Investors increasingly claim to be acting on climate change and in the wake of COP26 we will have heard a great many new commitments and claims to climate leadership.
But how are asset owners, journalists, civil society, and politicians to know what is good practice and what is greenwashing?
ASSET OWNER CLIMATE EXPECTATIONS
We, the undersigned asset owners, support the objective of the Paris Agreement to keep global warming well below 2°C and preferably 1.5°C – the level considered ‘safe’ by the Intergovernmental Panel on Climate Change (IPCC), and call on the asset management industry to adopt minimum standards in support of that objective.
Increasingly asset managers are claiming to support the Paris Agreement and its objective but there is a huge variance in policy and practice. As asset owners we wish to send a strong market signal that below are the minimum standards we expect from asset managers on climate change. We hope other asset owners, journalists, civil society, and politicians will use these standards to help them judge what is good practice and what is greenwash as we welcome ever more asset manager climate change commitments during COP26. We would welcome the standards below becoming market norms and will integrate these standards as considerations into our asset manager selection, monitoring and reviews.
Our minimum expectations of asset managers:
An investment strategy covering all assets under management to achieve net zero emissions by at least 2050, with at least 45% emissions reduction by 2030 at the latest, as recommended by the IPCC. The scenario used should be aligned to the 1.5°C ambition in the Paris Agreement and not overly reliant on negative emissions technologies. Responsibility for the climate investment strategy should be at board level, and remuneration policies should be linked to achieving climate objectives.
Operational alignment with achieving net zero by 2050 and 45% emissions reductions by 2030, covering property, travel, and corporate lobbying (including the funding of indirect lobbying via trade association memberships and advertising procurement).
Exclusion of coal and tar sands, which are incompatible with a 1.5°C pathway, from active strategies. Coal exclusion thresholds should align with the Global Coal Exit List (GCEL). Other sectors should also be considered for exclusion, for example unsustainable timber and intensive agriculture causing deforestation. A list of excluded companies should be made publicly available.
An active commitment to invest in solutions to climate change, where Environment Social Governance (ESG) impact is measured and reported on alongside financial reporting. These investments should be focused on driving solutions forward to achieve a just transition to a decarbonised economy.
A presumption to vote in favour of shareholder resolutions on climate change, taking a ‘comply or explain’ approach with public disclosure of rationale. Asset managers who support the objectives of the Paris Agreement should implement this by voting in favour of resolutions aligned with those objectives. Asset managers should also consider voting against management-proposed resolutions, such as director re-elections, where the company’s strategy is not aligned with the goals of the Paris Agreement. As clients we expect our asset managers to oppose management when necessary.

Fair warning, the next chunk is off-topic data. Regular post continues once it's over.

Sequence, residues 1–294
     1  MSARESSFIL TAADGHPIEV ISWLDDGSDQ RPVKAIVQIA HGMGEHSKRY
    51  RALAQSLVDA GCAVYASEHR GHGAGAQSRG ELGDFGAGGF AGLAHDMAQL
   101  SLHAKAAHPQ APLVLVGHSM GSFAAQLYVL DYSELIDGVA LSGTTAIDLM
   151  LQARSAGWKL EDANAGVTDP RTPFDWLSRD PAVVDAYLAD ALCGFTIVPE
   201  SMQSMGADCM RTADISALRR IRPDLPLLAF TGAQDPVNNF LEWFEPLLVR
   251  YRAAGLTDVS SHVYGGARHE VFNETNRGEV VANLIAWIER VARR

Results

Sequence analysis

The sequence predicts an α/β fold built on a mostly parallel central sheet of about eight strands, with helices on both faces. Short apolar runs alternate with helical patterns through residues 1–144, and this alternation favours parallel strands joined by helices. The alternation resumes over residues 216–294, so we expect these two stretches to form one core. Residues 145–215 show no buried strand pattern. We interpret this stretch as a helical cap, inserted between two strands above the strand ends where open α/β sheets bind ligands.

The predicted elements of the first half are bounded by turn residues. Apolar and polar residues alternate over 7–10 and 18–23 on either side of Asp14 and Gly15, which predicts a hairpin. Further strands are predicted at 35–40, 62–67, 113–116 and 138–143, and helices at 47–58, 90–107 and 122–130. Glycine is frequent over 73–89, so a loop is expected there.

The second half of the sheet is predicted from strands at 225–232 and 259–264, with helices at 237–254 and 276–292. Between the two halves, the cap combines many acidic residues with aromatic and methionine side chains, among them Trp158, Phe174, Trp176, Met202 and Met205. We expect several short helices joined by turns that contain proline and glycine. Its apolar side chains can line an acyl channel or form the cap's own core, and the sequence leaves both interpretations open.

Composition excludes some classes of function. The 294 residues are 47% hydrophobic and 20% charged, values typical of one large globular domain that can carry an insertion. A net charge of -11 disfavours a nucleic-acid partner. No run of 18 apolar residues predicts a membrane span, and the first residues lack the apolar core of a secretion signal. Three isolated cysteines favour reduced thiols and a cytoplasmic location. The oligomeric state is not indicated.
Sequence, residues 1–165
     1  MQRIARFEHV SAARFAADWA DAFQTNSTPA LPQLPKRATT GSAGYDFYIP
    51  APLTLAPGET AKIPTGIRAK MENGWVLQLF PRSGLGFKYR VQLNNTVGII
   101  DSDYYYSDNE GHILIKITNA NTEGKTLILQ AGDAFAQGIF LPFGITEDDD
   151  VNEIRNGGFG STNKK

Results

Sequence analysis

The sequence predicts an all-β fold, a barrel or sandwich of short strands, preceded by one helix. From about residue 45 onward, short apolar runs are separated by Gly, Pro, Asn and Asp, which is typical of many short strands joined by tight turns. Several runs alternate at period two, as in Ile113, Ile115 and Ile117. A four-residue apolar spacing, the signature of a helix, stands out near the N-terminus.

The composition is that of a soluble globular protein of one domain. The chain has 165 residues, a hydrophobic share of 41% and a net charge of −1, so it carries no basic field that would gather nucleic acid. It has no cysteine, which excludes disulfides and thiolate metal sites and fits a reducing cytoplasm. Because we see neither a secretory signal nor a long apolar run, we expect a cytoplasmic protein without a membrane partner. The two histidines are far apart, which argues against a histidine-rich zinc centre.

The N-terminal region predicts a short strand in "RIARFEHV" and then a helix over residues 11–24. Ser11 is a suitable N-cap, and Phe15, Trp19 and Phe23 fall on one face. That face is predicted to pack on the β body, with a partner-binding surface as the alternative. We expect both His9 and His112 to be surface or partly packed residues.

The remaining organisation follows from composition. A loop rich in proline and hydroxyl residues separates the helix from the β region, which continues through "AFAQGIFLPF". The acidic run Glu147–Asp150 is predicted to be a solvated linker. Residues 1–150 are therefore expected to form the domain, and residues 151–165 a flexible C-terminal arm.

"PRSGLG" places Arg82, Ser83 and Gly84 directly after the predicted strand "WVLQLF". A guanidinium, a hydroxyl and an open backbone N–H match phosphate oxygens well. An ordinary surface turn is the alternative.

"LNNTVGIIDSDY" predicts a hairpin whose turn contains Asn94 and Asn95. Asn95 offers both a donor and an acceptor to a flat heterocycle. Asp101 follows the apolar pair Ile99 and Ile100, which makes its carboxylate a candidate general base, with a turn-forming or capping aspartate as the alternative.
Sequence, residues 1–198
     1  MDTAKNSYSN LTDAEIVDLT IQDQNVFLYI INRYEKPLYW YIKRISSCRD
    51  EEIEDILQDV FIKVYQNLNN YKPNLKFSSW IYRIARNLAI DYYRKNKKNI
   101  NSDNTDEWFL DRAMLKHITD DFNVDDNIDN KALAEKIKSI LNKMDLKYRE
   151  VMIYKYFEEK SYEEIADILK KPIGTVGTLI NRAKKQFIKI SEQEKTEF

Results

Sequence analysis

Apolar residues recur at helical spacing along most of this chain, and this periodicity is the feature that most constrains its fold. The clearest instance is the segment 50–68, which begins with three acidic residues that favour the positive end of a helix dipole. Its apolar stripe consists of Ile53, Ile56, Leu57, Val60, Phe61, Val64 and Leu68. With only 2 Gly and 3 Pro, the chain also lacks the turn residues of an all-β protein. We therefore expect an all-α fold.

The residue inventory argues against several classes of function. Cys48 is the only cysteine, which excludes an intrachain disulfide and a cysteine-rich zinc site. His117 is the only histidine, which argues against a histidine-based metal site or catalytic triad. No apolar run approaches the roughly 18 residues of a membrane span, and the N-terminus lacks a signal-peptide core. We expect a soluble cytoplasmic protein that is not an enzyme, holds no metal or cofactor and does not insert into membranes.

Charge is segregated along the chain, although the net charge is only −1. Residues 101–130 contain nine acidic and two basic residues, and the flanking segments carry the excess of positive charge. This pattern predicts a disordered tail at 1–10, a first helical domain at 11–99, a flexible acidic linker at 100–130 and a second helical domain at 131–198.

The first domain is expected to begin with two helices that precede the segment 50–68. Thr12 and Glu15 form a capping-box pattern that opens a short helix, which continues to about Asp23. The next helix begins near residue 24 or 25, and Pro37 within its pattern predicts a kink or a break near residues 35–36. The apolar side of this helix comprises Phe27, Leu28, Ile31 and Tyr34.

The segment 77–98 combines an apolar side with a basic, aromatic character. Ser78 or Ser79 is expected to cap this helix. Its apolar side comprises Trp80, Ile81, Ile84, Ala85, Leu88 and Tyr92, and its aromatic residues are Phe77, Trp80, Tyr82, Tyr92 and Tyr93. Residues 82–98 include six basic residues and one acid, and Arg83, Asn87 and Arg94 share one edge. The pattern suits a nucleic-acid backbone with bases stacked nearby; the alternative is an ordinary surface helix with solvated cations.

Active shareholder engagement on 1.5°C aligned transition plans across sectors and asset classes. Investee companies should be engaged with to set short and medium term science based targets (e.g. 45% emissions reductions by 2030, IPCC), and a net zero target for no later than 2050 that is not overly reliant on negative emissions technologies. Transition plans should include corporate lobbying, capital expenditure, and remuneration strategies. Transition plans should also incorporate social risks and opportunities to ensure a just transition. Engagement for distant targets and improved disclosure alone is insufficient, as is membership of third party collaborative initiatives without evidenced proactive engagement.
Engagement escalation policies should be developed and disclosed, which include details on how and when engagements will be escalated. This should include escalation to public statements, voting against management-proposed resolutions such as director re-elections, co-filing shareholder resolutions, and ultimately divestment or refusal to purchase new bonds in active strategies. Sector-specific expectations on climate change, including timebound milestones and clear targets, should also be developed and disclosed. The credibility of engagement depends upon such policies and a willingness to publicly oppose management when necessary.
Regular disclosure of holdings, voting record and engagement activity. Voting records should be published as soon as possible after the AGM and include rationales on votes against management as well as votes on shareholder resolutions. Disclosure on engagement activity should outline engagement objectives, methods of engagement and escalation, as well as assessments of progress and outcomes against defined objectives. Relevant elements of disclosure can be shared through existing statutory and voluntary mechanisms such as the UK Stewardship Code.
This initiative is co-ordinated by Students Organising for Sustainability UK (SOS-UK) and Friends Provident Foundation, in partnership with the Charities Responsible Investment Network (CRIN) and Responsible Investment Network - Universities (RINU).
BECOME A SIGNATORY
To become a signatory, please complete the below form. Signatories must be asset owners who use external asset managers. If you have any queries, please get in touch with email@example.com.